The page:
The DOE Solid-State Lighting Program is driving innovative lighting research and development (R&D) that will redefine lighting – and related energy savings – for the next century. Solid-state lighting (SSL), particularly light-emitting diode (LED) based SSL, is on course to become the dominant lighting technology across all lighting applications.

The luminous efficacy of SSL has surpassed previous lighting technologies and still has significant room to improve. Moreover, the LED technology platform offers the opportunity to:

  • Advance beyond legacy form factors, which embody limitations of previous lighting technologies
  • Move past the legacy functionality of providing basic illumination, to explore new functionality with potential to improve building occupant well-being and productivity
  • Enable energy savings beyond improved source efficiency to encompass more precise delivery of more suitable light at the appropriate time

Learn more about LED basics, organic LED (OLED) basics, and next-generation lighting R&D challenges.


DOE SSL Program priorities are guided by the Solid-State Lighting R&D Opportunities document, updated annually in collaboration with the U.S. lighting research community. Input is collected through ongoing stakeholder engagement and annual workshops that bring together America's top scientists and lighting experts to focus on lighting R&D advances. These exchanges inform not only DOE-sponsored R&D, but also research agendas in academia and industry.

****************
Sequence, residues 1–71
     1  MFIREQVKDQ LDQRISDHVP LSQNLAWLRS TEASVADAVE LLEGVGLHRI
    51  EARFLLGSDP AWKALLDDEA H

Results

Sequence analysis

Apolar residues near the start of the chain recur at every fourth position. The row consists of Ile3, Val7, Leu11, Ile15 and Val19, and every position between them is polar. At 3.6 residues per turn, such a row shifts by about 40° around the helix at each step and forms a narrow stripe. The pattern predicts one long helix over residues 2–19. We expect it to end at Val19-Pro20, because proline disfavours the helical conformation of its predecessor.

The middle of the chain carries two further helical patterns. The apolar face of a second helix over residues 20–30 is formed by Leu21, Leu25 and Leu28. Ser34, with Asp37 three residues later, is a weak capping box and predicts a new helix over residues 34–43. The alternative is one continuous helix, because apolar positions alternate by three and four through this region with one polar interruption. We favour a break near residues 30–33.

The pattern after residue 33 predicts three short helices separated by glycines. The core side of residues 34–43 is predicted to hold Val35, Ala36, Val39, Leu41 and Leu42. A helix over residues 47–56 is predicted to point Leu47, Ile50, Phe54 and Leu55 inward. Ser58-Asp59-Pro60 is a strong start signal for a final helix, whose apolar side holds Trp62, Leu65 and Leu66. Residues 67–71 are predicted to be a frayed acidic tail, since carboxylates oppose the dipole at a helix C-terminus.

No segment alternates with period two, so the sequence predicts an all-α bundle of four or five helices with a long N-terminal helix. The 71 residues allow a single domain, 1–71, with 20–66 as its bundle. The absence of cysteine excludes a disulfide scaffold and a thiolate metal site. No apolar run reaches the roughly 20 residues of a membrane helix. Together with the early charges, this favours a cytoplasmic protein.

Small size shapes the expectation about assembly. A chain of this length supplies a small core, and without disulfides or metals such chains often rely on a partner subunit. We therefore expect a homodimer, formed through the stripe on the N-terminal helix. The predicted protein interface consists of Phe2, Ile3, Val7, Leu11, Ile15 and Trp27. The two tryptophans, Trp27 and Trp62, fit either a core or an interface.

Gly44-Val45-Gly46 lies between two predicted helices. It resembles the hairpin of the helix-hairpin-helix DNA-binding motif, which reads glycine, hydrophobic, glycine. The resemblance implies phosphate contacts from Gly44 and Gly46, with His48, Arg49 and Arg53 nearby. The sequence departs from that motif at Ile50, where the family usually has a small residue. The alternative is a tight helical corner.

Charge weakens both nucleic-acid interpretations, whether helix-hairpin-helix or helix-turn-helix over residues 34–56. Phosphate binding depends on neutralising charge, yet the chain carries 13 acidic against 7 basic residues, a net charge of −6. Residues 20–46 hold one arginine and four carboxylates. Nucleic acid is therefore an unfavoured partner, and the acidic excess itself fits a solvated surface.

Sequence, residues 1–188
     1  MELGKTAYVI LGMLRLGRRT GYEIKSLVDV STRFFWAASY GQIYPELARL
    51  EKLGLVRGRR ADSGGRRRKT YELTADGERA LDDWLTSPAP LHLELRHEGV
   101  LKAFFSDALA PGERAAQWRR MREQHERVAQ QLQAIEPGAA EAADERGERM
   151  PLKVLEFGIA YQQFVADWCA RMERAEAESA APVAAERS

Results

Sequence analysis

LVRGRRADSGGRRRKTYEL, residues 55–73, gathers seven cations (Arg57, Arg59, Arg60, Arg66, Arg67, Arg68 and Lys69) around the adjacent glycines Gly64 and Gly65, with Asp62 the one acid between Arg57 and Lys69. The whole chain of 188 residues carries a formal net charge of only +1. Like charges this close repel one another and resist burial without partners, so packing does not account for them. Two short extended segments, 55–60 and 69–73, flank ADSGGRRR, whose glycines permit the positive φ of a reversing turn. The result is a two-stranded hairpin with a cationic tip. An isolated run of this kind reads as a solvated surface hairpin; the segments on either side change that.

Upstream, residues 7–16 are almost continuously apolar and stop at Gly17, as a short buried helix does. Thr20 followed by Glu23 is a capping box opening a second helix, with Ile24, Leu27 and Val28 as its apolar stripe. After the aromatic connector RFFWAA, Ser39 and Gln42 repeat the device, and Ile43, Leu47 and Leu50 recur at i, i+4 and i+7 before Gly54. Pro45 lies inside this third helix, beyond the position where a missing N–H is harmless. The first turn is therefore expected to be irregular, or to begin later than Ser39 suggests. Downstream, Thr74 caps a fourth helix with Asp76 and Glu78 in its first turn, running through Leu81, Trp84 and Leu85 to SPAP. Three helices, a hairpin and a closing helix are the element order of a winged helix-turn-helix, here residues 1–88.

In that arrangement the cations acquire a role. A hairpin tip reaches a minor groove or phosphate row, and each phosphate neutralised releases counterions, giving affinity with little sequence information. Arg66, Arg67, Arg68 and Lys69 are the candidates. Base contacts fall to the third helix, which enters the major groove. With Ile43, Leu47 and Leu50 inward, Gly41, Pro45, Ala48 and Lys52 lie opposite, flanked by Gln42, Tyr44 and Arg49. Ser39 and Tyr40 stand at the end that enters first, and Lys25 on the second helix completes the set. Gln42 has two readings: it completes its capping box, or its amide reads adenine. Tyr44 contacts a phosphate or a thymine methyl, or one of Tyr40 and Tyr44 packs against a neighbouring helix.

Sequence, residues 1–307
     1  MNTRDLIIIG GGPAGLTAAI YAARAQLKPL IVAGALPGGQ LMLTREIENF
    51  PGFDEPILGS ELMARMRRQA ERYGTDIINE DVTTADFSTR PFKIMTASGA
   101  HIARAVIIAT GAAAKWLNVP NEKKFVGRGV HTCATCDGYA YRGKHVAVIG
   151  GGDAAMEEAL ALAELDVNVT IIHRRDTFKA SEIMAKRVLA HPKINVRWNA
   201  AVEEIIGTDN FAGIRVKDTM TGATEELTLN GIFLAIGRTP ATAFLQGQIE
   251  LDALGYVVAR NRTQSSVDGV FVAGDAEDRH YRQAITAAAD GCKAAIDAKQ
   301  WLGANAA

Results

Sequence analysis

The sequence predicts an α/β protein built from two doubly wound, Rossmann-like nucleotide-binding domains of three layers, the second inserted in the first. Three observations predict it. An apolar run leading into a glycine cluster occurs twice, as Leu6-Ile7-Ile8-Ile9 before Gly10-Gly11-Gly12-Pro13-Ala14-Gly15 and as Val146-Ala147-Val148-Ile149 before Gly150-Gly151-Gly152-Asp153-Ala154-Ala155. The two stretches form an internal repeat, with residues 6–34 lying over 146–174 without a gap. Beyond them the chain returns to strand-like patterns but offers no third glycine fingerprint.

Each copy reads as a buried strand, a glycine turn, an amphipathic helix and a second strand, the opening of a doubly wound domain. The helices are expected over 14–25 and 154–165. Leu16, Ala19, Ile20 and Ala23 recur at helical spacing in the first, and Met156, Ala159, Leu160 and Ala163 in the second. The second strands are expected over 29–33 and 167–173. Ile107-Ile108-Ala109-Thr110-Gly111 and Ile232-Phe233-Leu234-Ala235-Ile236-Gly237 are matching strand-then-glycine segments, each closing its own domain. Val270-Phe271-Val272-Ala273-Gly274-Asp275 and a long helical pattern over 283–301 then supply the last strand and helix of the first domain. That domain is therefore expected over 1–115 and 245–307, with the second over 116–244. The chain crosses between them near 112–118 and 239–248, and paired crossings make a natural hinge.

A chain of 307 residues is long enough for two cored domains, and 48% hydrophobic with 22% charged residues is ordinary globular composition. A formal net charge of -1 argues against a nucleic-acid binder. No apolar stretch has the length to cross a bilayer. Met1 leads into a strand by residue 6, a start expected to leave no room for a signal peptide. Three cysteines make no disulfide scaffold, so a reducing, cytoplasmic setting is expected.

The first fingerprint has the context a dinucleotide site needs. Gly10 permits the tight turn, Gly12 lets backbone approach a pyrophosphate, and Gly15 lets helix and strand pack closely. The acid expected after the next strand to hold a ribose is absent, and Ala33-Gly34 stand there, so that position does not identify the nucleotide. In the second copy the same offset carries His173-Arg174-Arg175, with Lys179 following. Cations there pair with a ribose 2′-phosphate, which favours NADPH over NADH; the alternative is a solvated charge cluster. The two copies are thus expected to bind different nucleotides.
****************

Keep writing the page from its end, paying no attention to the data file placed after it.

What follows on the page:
2022 Solid-State Lighting R&D Opportunities


All DOE SSL funding opportunity announcements (FOAs) and project selections align with the priorities and targets detailed in the Solid-State Lighting R&D Opportunities document. DOE lighting R&D projects are competitively selected and cost-shared projects that explore complex science challenges that stand in the way of further improvements in efficacy and performance. Solicitations for R&D funding are issued annually. R&D partners and projects are selected based on factors such as energy savings potential, likelihood of success, and alignment with the Solid-State Lighting R&D Opportunities document.


DOE uses technology competitions to incentivize a disruptive leap in the technological capabilities of SSL.


Advanced lighting science and technology research focuses on next-generation efficiency potential of SSL to deliver the right amount, spectrum, and distribution of light to the right place at the right time. This research, conducted primarily by Pacific Northwest National Laboratory, focuses on applications where existing lighting energy usage is high or where rapid growth in lighting energy usage is expected.


The DOE legacy research areas listed below have made a significant impact on driving SSL technology advances in the last decade. Many current DOE advanced lighting research activities build on the foundation and findings of these earlier efforts.